|(a) Definitions. The following words and terms, when used in
this section, shall have the following meanings, unless the context clearly
(1) Data processing services - the processing of information
for the purpose of compiling and producing records of transactions, maintaining
information, and entering and retrieving information. It specifically includes
word processing, payroll and business accounting, and computerized data and
information storage or manipulation. The charge for data processing services
is taxable regardless of the ownership of the computer. Examples of data processing
services include entering inventory control data for a company, maintaining
records of employee work time, filing payroll tax returns, preparing W-2 forms,
and computing and preparing payroll checks. Data processing does not include
the use of a computer by a provider of other services when the computer is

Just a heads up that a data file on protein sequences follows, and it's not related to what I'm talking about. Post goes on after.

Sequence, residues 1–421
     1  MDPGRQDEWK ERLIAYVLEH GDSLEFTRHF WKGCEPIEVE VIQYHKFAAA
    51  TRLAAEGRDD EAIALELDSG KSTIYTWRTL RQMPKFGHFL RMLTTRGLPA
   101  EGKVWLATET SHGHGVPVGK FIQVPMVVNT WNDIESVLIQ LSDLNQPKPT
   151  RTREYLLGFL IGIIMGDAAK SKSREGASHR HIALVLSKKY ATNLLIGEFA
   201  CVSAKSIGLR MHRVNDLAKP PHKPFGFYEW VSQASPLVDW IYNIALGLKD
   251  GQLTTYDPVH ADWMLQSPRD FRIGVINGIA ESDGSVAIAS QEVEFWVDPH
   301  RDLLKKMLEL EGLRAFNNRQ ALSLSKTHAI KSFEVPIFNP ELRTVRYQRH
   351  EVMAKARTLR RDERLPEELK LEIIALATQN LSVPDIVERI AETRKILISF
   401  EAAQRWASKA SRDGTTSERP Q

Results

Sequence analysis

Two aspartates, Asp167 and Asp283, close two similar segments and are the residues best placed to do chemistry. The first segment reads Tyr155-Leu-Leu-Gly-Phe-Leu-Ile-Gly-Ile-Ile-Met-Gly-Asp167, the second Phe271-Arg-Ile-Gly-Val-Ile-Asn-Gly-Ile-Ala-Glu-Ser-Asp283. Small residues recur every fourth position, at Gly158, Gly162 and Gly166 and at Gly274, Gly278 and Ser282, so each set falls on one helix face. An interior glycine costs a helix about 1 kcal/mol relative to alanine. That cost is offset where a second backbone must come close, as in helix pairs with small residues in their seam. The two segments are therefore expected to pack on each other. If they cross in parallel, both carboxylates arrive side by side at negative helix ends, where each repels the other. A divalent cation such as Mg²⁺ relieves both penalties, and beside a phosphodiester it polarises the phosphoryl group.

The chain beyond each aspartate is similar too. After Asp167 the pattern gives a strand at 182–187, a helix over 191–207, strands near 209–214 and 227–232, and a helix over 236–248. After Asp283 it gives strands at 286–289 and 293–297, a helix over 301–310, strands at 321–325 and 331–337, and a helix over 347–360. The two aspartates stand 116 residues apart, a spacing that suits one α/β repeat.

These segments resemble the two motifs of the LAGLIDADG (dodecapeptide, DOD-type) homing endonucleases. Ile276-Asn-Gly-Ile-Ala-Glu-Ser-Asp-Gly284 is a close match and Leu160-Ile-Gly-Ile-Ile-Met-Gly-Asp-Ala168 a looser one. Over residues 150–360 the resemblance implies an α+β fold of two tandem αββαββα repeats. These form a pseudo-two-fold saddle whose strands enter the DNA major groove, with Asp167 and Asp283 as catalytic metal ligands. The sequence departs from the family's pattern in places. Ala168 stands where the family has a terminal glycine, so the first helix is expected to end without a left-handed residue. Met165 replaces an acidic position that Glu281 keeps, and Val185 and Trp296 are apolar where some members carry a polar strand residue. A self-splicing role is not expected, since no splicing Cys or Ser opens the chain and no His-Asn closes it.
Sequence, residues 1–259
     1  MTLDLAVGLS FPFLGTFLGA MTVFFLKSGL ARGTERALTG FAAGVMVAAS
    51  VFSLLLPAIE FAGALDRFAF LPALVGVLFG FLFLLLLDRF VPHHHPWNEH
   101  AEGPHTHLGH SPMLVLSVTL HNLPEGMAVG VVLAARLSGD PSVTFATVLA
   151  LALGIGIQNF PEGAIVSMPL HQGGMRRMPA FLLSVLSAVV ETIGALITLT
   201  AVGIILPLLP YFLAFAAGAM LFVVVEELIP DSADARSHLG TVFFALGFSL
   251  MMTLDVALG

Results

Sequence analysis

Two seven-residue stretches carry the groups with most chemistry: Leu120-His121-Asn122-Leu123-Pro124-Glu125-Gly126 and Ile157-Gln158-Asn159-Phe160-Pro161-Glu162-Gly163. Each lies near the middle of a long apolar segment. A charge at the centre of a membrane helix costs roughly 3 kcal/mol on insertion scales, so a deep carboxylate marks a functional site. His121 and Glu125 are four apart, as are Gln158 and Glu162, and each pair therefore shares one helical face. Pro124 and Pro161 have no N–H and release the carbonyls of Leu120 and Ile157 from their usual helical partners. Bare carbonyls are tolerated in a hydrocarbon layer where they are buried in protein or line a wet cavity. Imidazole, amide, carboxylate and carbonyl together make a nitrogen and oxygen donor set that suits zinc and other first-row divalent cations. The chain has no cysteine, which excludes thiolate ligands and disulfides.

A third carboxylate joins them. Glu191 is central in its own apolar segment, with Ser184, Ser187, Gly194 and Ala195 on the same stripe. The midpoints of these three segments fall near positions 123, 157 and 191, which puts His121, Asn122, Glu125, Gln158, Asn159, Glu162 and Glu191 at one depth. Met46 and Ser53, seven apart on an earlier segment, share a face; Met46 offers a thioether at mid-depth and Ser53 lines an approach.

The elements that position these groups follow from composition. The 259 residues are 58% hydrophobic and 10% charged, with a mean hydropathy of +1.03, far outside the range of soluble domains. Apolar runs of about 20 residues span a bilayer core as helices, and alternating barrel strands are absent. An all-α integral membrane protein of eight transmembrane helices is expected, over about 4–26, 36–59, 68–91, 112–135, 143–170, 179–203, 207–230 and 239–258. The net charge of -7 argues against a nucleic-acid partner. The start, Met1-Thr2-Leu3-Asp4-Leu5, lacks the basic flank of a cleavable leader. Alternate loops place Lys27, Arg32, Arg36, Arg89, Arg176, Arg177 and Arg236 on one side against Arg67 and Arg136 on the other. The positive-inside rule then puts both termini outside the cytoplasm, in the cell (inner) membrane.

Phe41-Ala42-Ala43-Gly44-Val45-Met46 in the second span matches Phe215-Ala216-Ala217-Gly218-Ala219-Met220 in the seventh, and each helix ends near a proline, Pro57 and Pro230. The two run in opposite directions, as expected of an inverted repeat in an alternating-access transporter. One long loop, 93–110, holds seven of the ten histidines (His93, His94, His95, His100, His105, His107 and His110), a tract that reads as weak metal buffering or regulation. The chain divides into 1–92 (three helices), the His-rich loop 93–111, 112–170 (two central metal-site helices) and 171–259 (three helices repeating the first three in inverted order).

used to facilitate the performance of the service or the application of the
knowledge of the physical sciences, accounting principles, and tax laws, e.g.,
the use of a computer to provide interpretive or enhancement geophysical services
or the use of a computer by a CPA firm, enrolled agent, or bookkeeping firm
to produce a financial report, prepare federal income tax, state franchise
or sales tax returns, or charges for temporary secretarial personnel who as
part of their function use word processing equipment. Data processing services
does not include Internet access services or data processing services provided
in conjunction with and incidental to the provision of Internet access service
when billed as a single charge.
(2) Internet - collectively the myriad of computer and